Beowulf Bravery Quotes: Examples & Analysis Video

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  • 0:00 Courage Considered in Beowulf
  • 1:47 Courage in Battle
  • 3:38 The Baton Is Passed
  • 4:42 Lesson Summary
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Lesson Transcript
Instructor: Susan Nagelsen

Susan has directed the writing program in undergraduate colleges, taught in the writing and English departments, and criminal justice departments.

There is no doubt about Beowulf's bravery; it is well documented throughout this incredible epic poem. In this lesson, we'll look at this documentation of bravery and consider its importance.

Courage Considered in Beowulf

In the beginning of Beowulf, we hear the main character, Beowulf, setting the stage for our understanding of the importance of bravery for the Danes. We are told that in all the stories that have been passed down, from the beginning of time to now, the rulers have all had courage, bravery and greatness.

Beowulf says, 'So. The Spear-Danes in days gone by and the kings who ruled them had courage and greatness. We have heard of those princes' heroic campaigns.'

Early in the poem, Beowulf also makes the claim that if your fate has not been sealed by God, you can affect the outcome of your life through courage and determination. This serves as foreshadowing for events to follow.

'Often, for undaunted courage, fate spares the man it has not already marked.'

Beowulf doesn't just talk about bravery in general terms, however, but also uses specific incidents to underscore his point. He takes great pleasure in explaining to everyone that when an evaluation of the swimming contest with Breca is made, he should be considered the winner because he and he alone survived after fighting eight sea monsters in the icy sea water. He suggests that Breca would never have survived this kind of an assault; it was Beowulf's own bravery that saved him.

When Unferth speaks about Beowulf dishonorably, he is reminded that if you live in glass houses you should not throw stones. Unferth has not done anything courageous, so he shouldn't dare to speak disparagingly about Beowulf.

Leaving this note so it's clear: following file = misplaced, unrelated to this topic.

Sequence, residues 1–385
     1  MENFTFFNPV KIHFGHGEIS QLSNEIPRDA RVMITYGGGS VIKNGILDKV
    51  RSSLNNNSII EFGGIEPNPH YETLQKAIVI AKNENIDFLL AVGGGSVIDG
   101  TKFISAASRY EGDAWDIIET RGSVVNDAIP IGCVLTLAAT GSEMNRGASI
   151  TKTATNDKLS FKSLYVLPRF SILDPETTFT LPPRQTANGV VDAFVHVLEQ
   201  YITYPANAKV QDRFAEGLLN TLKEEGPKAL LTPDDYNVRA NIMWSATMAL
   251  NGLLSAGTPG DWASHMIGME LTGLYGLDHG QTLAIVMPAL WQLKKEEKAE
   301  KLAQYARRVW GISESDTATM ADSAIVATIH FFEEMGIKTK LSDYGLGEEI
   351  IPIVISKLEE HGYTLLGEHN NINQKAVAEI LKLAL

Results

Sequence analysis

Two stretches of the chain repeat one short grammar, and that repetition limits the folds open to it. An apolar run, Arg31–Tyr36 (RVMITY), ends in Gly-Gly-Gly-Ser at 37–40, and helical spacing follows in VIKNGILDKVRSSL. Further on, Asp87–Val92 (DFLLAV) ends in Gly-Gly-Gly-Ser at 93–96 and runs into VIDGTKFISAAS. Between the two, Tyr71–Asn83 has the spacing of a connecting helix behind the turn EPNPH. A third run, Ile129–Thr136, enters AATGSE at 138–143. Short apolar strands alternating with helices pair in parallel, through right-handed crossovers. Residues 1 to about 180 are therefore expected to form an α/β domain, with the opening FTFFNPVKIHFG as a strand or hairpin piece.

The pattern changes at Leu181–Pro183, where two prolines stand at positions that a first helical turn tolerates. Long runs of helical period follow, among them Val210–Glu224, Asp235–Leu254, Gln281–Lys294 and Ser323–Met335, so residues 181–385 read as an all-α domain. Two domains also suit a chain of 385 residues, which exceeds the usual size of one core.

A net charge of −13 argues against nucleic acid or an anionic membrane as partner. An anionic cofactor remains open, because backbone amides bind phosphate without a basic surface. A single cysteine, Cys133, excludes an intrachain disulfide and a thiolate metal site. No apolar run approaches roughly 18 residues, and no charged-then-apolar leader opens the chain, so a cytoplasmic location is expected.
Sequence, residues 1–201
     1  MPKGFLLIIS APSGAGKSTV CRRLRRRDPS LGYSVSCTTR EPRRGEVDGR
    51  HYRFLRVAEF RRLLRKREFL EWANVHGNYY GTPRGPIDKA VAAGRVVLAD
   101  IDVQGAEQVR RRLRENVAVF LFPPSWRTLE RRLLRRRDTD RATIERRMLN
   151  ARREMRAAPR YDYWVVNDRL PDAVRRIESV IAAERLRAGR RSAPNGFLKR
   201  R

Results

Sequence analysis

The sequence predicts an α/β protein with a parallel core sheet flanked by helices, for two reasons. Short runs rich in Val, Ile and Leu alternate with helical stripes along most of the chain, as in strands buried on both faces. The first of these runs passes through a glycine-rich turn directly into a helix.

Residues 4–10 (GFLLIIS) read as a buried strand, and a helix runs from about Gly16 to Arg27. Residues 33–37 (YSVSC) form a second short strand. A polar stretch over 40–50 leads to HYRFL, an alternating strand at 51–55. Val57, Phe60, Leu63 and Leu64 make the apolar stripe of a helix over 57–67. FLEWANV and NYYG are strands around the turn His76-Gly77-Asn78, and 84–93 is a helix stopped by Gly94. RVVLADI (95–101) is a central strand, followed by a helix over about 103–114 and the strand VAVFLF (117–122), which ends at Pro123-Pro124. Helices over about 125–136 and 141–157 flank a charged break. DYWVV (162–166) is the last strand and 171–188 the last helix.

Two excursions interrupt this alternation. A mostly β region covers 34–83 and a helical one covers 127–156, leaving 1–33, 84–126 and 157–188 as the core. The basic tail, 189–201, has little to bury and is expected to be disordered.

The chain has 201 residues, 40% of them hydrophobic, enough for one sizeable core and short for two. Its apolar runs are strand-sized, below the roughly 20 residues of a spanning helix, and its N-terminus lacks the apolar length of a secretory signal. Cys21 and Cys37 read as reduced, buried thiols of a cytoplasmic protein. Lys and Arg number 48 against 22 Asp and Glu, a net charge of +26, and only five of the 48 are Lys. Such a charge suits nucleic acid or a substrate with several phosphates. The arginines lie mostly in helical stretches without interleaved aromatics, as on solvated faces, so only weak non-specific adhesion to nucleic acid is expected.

'The fact is, Unferth, if you were truly as keen and courageous as you claim to be Grendel would never have got away with such unchecked atrocity, attacks on your king, havoc in Heorot and horrors everywhere.'

Courage in Battle

When Beowulf is called upon to rid mead hall of the monster Grendel, who had been on the rampage for the past twelve years, he lets it be known that he will do so with his bare hands.

'I have heard moreover that the monster scorns in his reckless way to use weapons; therefore, to heighten Hygelac's fame and gladden his heart, I hereby renounce sword and the shelter of the broad shield, the heavy war-board: hand-to-hand is how it will be, a life-and-death fight with the fiend.'

Beowulf announces to all who will listen that he will use only his strength and his bravery to rid mead hall of this monster who has been plaguing them for so long.

When fighting Grendel, Beowulf exerts his immense strength and shows how brave he is as he comes face to face with the monster, making Grendel long for a way out.

'The captain of evil discovered himself in a handgrip harder than anything he had ever encountered in any man on the face of the earth. Every bone in his body quailed and recoiled, but he could not escape. He was desperate to flee to his den and hide with the devil's litter, for in all his days he had never been clamped or cornered like this.'

In what is the last battle of his life, Beowulf intends to take on the dragon just has he did Grendel: one on one.

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